Corix Water Products        16   604-575-3400   www.corix.com                   Munisoft                  35   306-569-2988   www.munisoft.ca
  Cummins Western Canada      23   204-632-5470   www.westerncanada.cummins.com   Nelson River
  Darwen Road Technologies 51      204-782-8300                                   Construction Inc.         46   204-949-8700   www.nelsonriver.com
  Data Link Mapping           10   204-753-2111   www.datalink.ca                 Palm Lite Systems         25   204-326-9271
  Degelman Ind.               56   306-543-4447   www.degelman.com                Powell Construction       9    204-727-2810
  Denray Tire                 47   204-632-5191   www.denraytire.com              Repromap                  43   204-638-3584   www.repromap.com
  DGH Engineering             30   877-334-8846   www.dghengineering.com          Sanitherm                 21   604-986-9168   www.sanitherm.com
  Emco                        16   204-697-3120   www.emcobp.com                  Stantec                   50   204-489-5900   www.stantec.com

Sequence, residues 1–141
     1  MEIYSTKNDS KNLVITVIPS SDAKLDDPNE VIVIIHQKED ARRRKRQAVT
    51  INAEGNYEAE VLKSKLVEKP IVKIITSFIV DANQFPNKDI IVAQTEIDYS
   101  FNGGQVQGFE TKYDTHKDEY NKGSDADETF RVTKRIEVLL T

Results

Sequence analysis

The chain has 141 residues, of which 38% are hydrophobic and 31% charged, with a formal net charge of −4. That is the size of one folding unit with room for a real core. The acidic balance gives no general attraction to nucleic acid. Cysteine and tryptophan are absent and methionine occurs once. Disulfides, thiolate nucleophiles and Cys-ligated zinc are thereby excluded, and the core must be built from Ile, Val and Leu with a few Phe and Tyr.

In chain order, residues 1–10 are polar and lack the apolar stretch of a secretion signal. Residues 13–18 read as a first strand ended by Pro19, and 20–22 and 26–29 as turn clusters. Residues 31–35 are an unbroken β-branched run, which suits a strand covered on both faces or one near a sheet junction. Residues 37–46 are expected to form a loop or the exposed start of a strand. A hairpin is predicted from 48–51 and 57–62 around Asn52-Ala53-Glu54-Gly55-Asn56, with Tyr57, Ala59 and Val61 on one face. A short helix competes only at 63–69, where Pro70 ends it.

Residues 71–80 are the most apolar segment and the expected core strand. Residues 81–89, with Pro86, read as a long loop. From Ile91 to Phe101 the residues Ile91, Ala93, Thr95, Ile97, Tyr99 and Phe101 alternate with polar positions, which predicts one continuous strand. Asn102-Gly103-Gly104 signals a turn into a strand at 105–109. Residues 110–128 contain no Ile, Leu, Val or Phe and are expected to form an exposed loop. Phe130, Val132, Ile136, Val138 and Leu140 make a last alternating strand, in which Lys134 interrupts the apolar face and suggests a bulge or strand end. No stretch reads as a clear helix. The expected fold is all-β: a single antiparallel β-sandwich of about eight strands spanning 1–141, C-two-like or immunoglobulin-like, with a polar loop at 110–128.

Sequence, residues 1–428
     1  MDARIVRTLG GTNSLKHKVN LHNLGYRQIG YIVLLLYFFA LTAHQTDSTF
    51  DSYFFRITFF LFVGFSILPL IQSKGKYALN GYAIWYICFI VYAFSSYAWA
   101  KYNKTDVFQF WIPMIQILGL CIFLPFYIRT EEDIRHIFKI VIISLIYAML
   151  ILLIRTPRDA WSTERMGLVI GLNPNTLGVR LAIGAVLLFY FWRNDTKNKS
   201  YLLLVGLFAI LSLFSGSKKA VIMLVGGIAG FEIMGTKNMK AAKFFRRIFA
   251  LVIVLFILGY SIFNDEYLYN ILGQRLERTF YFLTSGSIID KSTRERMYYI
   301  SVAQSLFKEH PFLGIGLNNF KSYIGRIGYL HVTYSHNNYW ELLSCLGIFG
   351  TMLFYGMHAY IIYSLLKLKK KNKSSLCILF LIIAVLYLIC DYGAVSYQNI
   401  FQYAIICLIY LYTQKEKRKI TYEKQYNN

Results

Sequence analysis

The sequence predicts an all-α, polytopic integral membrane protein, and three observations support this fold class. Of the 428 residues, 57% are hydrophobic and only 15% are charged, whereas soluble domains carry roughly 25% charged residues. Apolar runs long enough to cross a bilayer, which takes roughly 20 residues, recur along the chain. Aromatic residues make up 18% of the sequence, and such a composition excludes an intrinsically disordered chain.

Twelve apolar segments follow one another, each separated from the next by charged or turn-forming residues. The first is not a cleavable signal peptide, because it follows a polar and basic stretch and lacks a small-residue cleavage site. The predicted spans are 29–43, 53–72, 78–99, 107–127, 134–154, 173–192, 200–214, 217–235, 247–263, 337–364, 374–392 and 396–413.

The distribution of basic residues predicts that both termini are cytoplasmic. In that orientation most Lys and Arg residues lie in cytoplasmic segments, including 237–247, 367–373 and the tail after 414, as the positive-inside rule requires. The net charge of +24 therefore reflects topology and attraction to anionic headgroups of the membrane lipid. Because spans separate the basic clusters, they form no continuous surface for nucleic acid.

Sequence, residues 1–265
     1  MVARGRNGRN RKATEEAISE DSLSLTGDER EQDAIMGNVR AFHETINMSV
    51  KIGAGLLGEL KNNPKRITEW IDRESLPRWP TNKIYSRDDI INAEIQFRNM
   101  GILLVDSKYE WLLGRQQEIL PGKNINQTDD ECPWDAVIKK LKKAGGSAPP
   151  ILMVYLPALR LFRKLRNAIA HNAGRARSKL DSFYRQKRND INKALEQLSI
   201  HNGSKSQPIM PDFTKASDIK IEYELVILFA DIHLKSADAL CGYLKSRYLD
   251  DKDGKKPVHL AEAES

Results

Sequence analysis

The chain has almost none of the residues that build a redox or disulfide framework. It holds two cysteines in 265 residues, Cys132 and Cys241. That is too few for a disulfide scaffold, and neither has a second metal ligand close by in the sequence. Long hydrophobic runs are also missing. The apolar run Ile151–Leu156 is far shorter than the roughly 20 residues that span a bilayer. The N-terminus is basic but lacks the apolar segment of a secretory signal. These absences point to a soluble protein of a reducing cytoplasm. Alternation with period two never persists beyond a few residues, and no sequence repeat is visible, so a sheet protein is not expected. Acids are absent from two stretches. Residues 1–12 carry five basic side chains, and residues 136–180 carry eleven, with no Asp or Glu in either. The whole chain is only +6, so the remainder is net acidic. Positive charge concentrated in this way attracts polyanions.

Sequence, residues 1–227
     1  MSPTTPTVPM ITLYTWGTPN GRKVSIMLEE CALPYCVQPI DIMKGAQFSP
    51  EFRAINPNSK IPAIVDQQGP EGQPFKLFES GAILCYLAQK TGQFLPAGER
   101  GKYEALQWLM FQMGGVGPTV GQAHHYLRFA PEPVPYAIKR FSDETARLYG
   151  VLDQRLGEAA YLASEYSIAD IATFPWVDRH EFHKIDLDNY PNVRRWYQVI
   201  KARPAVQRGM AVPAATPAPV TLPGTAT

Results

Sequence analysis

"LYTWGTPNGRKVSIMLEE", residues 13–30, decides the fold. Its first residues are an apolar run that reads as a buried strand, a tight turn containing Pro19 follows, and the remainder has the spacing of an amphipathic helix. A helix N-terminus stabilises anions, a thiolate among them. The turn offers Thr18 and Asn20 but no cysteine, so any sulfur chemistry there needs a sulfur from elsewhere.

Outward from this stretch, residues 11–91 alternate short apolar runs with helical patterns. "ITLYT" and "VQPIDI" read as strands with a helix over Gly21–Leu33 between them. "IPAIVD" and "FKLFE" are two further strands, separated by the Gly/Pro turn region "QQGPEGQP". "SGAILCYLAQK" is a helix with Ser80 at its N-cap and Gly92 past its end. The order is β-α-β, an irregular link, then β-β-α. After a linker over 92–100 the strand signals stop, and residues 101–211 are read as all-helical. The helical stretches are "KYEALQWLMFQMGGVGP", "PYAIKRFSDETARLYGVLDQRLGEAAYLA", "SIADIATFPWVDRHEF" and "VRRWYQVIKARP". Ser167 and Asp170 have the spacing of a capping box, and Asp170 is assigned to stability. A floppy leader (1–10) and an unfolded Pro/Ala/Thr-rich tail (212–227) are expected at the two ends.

Fillmore Riley LLP          7    204-956-2970   www.fillmoreriley.com           Thompson Dorfman
  Fleet Vehicles Agency       18   204-945-0275   www.fva.gov.mb.ca               Sweatman LLP              30   204-934-2500   www.tdslaw.com
  FPS Consultants             50   204-885-0177                                   Tirecraft                 6    780-417-6382   www.tirecraft.com
  Genivar                     23   204-477-6650   www.genivar.com                 UMA Engineering           23   204-284-0580   www.uma.aecom.com
  Goodyear                    10   780-460-4069   www.goodyear.com                Uretek Canada Inc.        31   204-267-7782   www.uretek.ca
  Guardian Traffic Services   18   204-233-1000   www.guardiantrafficmb.com       Westcon                   55   204-633-5800   www.westconequip.ca
  HED Insurance               48   204-943-0331   www.hedinc.com                  Western Turbo
                                                                                  & Fuel Injection          40   204-632-1366   www.westernturbo.com
  Hitrac                      32   204-257-3000   www.casece.com




   C a n a d a C u lv e r t                                               – in n ovatio n flows from her e

   •	      CORRUGATED	STEEL	PIPE
   •	      WATER	CONTROL	GATES
   •	      GUARD	RAIL
   •	      CUSTOM	CULVERT	FABRICATION
   •	      FILTER	FABRIC		
   •	      BIN	WALLS
   Winnipeg	            Ph:	(204)	222-7354	       Fax:	(204)	222-8470
   Brandon	             Ph:	(204)	726-5929	       Fax:	(204)	729-9305


 | Municipal Leader | Winter 2008
westcon
380	Keewatin	Street
Winnipeg,	MB		R2X	2R9
T:	204-633-5800
1-800-453-2435
F:	204-633-5805